By KEVIN FREKING, Associated Press
Troy Warren for Hometown Hall #business-all
The small business loans for those affected by COVID-19 have been added to list of government programs considered at high risk of waste and fraud.
WASHINGTON — Emergency loans made to small businesses during the coronavirus pandemic have been added to a list of government programs considered at high risk of waste, fraud or mismanagement.
The most common of those emergency loans, PPP loans, are provided at a low interest rate and are fully forgivable under conditions that include spending a certain percentage on payroll costs. The loans were created by Congress and have proven exceedingly popular as shops, restaurants and other small businesses try to survive the pandemic.
The Government Accountability Office said Tuesday that millions of small businesses benefitted from the emergency loans, but the speed with which the relief programs were set up limited safeguards necessary to identify risks, “including susceptibility to improper payments and potential fraud.”
The Small Business Administration made or guaranteed more than 14.7 million loans and grants totaling about $744 billion between March and December. Congress approved an additional $304 billion in emergency loans in December.
The GAO said in the report that, as of January, it continues to experience delays in obtaining key information about the loans, including detailed oversight plans and documentation for estimating improper payments.
“There’s no doubt they’ve had a positive impact. However, the management of these programs needs to be dramatically improved,” U.S. Comptroller General Gene L. Dodaro told reporters in previewing the report.
Government auditors release a high-risk list near the beginning of every new Congress. The list is designed to increase attention on the shortfalls cited by the GAO, and to prompt action that can often save taxpayer dollars and improve government operations.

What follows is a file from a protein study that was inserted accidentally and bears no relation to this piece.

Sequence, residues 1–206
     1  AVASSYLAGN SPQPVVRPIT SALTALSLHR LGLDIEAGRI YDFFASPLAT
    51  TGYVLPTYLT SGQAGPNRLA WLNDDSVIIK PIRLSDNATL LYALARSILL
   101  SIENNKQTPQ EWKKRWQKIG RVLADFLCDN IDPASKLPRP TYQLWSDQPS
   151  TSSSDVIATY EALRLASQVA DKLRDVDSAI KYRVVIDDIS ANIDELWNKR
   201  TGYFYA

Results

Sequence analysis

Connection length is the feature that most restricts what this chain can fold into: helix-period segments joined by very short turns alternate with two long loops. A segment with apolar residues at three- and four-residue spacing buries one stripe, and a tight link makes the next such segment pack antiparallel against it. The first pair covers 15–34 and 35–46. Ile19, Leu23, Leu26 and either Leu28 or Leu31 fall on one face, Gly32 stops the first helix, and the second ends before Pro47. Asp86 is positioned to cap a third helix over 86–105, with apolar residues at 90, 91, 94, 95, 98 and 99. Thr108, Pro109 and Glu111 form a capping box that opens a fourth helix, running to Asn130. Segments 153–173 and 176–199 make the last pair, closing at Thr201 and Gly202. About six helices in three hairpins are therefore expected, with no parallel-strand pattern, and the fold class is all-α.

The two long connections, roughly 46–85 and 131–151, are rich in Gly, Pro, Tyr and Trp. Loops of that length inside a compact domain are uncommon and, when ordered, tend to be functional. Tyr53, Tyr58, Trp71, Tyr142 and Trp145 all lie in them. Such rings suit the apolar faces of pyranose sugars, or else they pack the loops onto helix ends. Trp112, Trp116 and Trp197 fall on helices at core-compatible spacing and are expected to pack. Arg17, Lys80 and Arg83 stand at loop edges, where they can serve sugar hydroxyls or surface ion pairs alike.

Auditors also added the government’s efforts to prevent drug misuse to the high-risk list. The GAO had warned as the pandemic began that it would be doing so. At the time, it noted that the pandemic could fuel the conditions that contribute to drug misuse, such as unemployment.
In December, the Centers for Disease Control and Prevention reported the largest ever increase of drug overdose deaths during a 12-month period that ended the previous May. The CDC noted a particular acceleration in drug overdose deaths as widespread mitigation measures kicked in.
“This is heartbreaking,” said Sen. Rob Portman, R-Ohio.
Portman said that the country and his home state had finally seen a drop in overdose deaths in 2018 for the first time in decades.
“Substantial progress. And yet now, with the pandemic, under this horrible pandemic, we have this horrible addiction crisis that has grown,” Portman said.
Auditors said that maintaining sustained attention to the problem of drug abuse will be challenging in the coming months with agencies focused on addressing the pandemic.
“This makes developing and implementing a coordinated, strategic approach even more important as agencies’ resources are also being diverted, in part, to pandemic priorities,” the report said.
On a positive note, the GAO said the Department of Defense had made concerted progress in how it aligns its support infrastructure with the needs of the country’s military forces, It dropped the support program from it’s high-risk list.
For example, in citing, progress, auditors said the Army reduced its leased footprint in the Washington D.C. region from a peak of 3.9 million square feet in 2011 to roughly 1 million square feet as of September 2019.